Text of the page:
MSU Texas Respiratory Care student thankful for opportunity

Respiratory care student Kristina Tran had inspiring path to success

Kristina Tran once thought she had life all planned out. Where she would live, what career she would pursue, and even when the Wichitan wanted to get married.

Goals were definitely important to the Wichita Falls local and Midwestern State University student, but life shook up the timing and execution of her plan when doctors found a rare, malignant tumor on her pancreas.

“Crazy, right? Imagine being diagnosed with pancreatic cancer at 20 years old,” Kristina said. “At 21, I underwent a pancreaticoduodenectomy.” She has been in remission for almost four years.

Kristina is in the Respiratory Care program at MSU Texas. She said her parents were “typical first generation Vietnamese-immigrant parents who just wanted their kids to become doctors or nurses. I didn’t feel called to be either of those.”

Kristina was introduced to respiratory care when an older cousin, Tuyet Nhi (Christy), was accepted into the MSU Texas program. “Seeing her go through the program and her passion for it sparked my initial interest in the profession. Ultimately that was why I decided to pursue it.”

Her experiences as a patient solidified her career choice in one sense but also planted a seed of doubt. “I was put into the position where I felt like I had to reconsider this career after my diagnosis,” she said. "It didn't make sense to me that a sick person could take care of other sick people."

“During my post-op recovery, I met a respiratory therapist named Tom Skinner. Tom and I talked a little bit about respiratory, and I eventually shared with him my thoughts on having to give up that dream. He encouraged me not to give up on what I wanted. The last time I saw him, he said, “So the next time I see you, you're either going to be a student RT or a new hire RT, right? Without giving me any time to answer, he left my room. I took his last words to me as a sign from God to continue pursuing respiratory.”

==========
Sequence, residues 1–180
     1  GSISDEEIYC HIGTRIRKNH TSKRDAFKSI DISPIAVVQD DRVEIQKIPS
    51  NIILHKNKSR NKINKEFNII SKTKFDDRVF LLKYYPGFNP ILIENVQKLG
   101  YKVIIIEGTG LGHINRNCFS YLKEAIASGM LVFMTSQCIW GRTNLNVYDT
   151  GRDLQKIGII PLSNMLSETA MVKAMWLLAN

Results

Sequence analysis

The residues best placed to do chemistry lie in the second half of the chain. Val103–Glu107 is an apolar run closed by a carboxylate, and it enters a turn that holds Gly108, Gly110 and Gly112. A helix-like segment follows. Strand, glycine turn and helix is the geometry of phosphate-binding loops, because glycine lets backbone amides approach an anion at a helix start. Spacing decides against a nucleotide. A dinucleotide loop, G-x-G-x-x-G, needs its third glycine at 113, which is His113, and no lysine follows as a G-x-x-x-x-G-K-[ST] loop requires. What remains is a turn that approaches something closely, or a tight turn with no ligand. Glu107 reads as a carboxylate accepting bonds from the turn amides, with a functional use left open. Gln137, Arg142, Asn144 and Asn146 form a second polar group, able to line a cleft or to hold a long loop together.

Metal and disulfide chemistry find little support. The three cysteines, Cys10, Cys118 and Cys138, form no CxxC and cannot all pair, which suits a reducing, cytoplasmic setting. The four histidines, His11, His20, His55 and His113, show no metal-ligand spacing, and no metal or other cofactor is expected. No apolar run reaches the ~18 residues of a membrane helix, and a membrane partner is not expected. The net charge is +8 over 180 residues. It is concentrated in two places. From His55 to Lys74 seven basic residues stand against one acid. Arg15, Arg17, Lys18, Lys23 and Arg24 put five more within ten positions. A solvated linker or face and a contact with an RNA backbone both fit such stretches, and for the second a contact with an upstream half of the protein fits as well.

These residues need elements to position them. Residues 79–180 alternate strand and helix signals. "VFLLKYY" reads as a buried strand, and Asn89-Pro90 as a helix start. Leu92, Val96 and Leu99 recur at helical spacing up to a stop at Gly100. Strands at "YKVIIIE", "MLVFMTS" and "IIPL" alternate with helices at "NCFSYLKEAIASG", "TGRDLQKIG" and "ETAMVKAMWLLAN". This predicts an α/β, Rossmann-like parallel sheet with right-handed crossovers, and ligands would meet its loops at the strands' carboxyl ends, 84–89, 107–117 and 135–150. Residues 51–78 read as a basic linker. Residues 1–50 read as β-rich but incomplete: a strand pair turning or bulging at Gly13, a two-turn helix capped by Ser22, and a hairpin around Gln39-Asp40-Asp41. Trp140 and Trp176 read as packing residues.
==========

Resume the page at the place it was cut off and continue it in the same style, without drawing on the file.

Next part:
She began the Respiratory Care program in July 2021, and she did a clinical rotation where she ran into Skinner, who continues to inspire her and helps precept her as a respiratory student.

“Officially in remission, despite the odds I had against me, I busted my butt to get into the program because I so badly wanted to be able to meet him again and show him that, because of him, I am doing what I love,” Kristina said. “Tom is the type of therapist I aspire to be; an exceptional therapist with so much compassion and care for his patients. Reflecting on our interaction, it highlighted the importance of bedside manners and positive patient-provider interactions. What could be mundane for the provider could very well become a core memory for the patient? I hope one day I can make a positive impact on my patient, the way Tom did for me.”

She said the program at MSU Texas is great and that the professors at MSU Texas “play a significant role in what makes it a wonderful program. What has stood out the most in the program so far (halfway through it) is the mock codes they organize with nursing, radiology, and even theater.” That gives the students a feel for what it’s like in a hospital setting while teaching the importance of communication, teamwork, and leadership.

Kristina enjoys visiting different hospitals for clinical rotations. “Learning in the classroom and labs is one thing, but the clinic experience is a window of opportunity for us to learn and experience what we wouldn’t be able to do on campus.”

Kristina credits Jennifer Anderson, chair of the respiratory care department, for helping her make her comeback story a reality. “I’m not sure if she even remembers this, but when I returned to school after my cancer was dealt with, I had a pretty rough academic track record,” she said. “Juggling something like that while trying to maintain your grades isn’t easy. I was discouraged from pursuing respiratory by my academic advisor due to my poor grades, but I was so determined and wouldn’t take no for an answer.”

Kristina asked if she could personally ask Anderson if she had a chance at acceptance. “To my surprise, my advisor offered to go upstairs to Dr. Anderson’s office and ask on my behalf. Dr. Anderson gave me the green light, and I’m grateful for that.”

Her short-term career goal is to graduate, pass her board exams, and get a job in the field. As for the long-term goals Kristina once had laid out in great detail, she said, “I just want to go with the flow and see the opportunities I’m presented with.”

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